What about buying and fixing up houses and reselling them. Or maybe starting a magazine and be my own publisher (bad idea, Dave wouldn’t like it). How about a bed and breakfast, or having people vacation at my country home and charging a fee for it. Well, I am not sure which one I will try but I am sure I will try some of them.
7. Find the place
This is a tough one for me. Both my wife and I came from overseas and none of our relatives live in the States. We have lived in Portland, Oregon for a long time and often feel that this isn’t the best place for raising a family. Land around here is exorbitant and the weather is quite a bit too wet for me. We’ve been to Idaho a few times and like it there. In a few months we will take a trip to Idaho and parts of Montana. I hope this trip will give us a better idea of where we’d like to move.
What I have also done is to surf the Internet about the states or towns I am interested in. But the net is too overwhelming, it has too much information, and it’s hard to narrow things down. I have also looked at books about different states but most of the information is for tourism and they don’t give the whole picture of what a town is about. I guess I will just have to keep talking to people who have lived in different places. Somewhere out there a place is waiting for me, and I want to be ready once I find it.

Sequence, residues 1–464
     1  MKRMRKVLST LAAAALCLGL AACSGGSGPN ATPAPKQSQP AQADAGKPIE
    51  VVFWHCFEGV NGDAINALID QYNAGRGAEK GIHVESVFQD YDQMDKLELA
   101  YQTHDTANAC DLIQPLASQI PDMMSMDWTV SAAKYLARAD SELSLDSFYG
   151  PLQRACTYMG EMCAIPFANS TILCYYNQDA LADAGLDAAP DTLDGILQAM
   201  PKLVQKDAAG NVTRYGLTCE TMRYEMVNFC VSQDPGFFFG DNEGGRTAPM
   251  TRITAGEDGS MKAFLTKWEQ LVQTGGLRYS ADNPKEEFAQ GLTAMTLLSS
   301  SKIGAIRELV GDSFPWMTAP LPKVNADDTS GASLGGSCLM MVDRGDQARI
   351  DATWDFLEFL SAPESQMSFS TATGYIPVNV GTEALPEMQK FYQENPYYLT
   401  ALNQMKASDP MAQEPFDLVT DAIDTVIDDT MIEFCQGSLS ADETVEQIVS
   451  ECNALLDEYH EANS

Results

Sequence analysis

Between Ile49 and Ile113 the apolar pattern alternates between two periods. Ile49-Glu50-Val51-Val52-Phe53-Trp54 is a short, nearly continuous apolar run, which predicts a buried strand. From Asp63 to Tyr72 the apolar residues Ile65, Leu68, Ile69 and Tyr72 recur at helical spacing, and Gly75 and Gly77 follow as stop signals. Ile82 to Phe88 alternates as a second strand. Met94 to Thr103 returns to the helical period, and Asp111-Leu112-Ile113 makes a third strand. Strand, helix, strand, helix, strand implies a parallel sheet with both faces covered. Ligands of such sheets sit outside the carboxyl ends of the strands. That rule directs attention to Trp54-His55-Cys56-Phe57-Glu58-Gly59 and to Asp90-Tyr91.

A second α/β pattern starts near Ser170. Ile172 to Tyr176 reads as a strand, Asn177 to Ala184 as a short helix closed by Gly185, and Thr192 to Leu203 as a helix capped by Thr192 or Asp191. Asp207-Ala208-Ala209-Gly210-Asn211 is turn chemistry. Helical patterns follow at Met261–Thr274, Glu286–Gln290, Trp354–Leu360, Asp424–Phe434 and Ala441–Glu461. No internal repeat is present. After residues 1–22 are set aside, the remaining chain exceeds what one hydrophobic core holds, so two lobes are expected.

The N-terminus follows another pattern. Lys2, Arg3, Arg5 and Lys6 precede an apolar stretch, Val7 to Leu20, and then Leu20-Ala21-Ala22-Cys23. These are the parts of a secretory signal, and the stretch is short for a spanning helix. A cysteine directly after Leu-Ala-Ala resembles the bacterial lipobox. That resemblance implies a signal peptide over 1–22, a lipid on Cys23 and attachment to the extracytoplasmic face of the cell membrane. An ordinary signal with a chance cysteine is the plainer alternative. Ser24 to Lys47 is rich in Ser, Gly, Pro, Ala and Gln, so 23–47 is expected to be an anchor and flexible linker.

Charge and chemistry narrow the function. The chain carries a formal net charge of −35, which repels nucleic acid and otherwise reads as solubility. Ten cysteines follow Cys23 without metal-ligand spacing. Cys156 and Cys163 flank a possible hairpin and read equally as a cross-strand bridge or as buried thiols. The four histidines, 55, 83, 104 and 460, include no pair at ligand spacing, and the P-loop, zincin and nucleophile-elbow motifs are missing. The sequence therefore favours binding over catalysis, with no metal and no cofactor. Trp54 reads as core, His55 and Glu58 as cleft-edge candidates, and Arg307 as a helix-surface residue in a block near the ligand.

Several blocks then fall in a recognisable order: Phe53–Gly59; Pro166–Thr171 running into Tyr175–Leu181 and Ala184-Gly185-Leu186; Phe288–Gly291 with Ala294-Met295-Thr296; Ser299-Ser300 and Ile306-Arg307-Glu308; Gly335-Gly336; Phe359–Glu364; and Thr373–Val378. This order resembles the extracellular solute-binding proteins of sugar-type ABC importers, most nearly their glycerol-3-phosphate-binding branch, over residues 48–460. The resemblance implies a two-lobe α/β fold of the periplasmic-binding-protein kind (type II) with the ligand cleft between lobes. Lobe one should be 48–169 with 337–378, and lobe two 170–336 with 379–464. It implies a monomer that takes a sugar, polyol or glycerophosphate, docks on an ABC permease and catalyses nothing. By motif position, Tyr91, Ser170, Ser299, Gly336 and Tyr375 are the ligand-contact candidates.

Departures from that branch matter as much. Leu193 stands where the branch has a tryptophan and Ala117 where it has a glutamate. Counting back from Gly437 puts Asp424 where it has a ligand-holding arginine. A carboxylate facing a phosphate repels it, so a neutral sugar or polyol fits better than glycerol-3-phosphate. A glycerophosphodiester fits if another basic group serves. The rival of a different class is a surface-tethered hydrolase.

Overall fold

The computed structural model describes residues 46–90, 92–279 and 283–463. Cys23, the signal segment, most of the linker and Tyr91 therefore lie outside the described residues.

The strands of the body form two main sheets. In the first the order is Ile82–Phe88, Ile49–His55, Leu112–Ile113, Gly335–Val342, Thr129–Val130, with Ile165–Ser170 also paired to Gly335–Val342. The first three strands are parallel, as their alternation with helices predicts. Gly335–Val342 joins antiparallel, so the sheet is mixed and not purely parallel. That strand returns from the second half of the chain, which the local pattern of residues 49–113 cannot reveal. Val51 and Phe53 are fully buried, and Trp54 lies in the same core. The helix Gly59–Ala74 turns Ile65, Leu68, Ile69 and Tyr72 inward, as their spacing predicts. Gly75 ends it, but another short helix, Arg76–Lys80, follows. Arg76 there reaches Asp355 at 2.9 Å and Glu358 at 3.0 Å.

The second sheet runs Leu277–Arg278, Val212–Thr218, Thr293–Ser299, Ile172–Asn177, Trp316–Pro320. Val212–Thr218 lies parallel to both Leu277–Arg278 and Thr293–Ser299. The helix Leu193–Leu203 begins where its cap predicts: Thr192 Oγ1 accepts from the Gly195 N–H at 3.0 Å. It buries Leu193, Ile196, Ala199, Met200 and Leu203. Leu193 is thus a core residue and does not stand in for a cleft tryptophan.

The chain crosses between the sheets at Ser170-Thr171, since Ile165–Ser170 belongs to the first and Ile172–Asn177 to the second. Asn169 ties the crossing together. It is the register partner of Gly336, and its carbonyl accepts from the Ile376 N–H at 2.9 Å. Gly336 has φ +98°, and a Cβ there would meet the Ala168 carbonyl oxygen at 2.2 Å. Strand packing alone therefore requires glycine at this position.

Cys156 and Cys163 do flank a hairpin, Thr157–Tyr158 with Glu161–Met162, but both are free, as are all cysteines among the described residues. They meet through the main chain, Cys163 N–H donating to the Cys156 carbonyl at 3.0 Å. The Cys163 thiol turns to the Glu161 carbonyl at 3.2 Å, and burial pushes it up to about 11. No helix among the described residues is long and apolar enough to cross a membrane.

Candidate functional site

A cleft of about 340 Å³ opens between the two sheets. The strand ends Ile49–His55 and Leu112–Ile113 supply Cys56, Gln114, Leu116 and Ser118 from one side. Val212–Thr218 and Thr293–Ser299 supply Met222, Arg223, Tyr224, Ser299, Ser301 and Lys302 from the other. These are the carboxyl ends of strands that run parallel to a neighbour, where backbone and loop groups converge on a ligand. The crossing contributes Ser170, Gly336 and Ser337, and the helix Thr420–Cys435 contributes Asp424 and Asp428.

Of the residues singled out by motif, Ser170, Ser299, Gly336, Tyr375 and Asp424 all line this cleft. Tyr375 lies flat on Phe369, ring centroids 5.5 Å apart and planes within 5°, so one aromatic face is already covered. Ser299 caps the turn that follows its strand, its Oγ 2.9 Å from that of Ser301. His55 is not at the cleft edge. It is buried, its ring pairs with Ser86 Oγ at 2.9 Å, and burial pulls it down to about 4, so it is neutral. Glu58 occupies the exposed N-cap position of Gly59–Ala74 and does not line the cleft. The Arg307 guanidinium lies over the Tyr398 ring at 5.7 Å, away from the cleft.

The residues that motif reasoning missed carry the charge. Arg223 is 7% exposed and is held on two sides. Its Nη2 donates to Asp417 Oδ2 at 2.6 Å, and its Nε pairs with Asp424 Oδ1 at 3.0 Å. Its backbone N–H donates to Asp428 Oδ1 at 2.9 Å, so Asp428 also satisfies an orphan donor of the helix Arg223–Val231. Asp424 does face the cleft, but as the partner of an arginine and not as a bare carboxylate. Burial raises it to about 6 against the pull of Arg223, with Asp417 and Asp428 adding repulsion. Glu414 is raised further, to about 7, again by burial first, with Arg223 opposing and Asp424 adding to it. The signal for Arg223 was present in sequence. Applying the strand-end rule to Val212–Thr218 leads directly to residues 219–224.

8. What is important
I need to keep reminding myself why I want to move to the country. Certainly the hopes and dreams of a carefree life enjoying nature, hunting, fishing, and all those things. But these alone are not good enough reasons. The most important reason for me is to raise my family in an environment where my children will grow up appreciating and learning what life has to offer. I want to homeschool them, to expose them to good literature, and teach them to be self-reliant. I want to create an atmosphere where my children will be free from the junks of the world. I don’t want the television, the government, and for that matter, the public schools to raise my kids. They are my children and I am solely responsible for their upbringing.
9. Be realistic
I often get caught up with the excitement of someday moving to the country that I become all too idealistic. I conjure up all these wonderful mental pictures in my mind and often get lost in them. The beautiful sunset over the pond, the ripening garden, the brilliant hues of wildflowers on the hillside, the simple yet elegant farmhouse with wraparound porch. All these are wonderful and should be nurtured because they motivate us to move forward.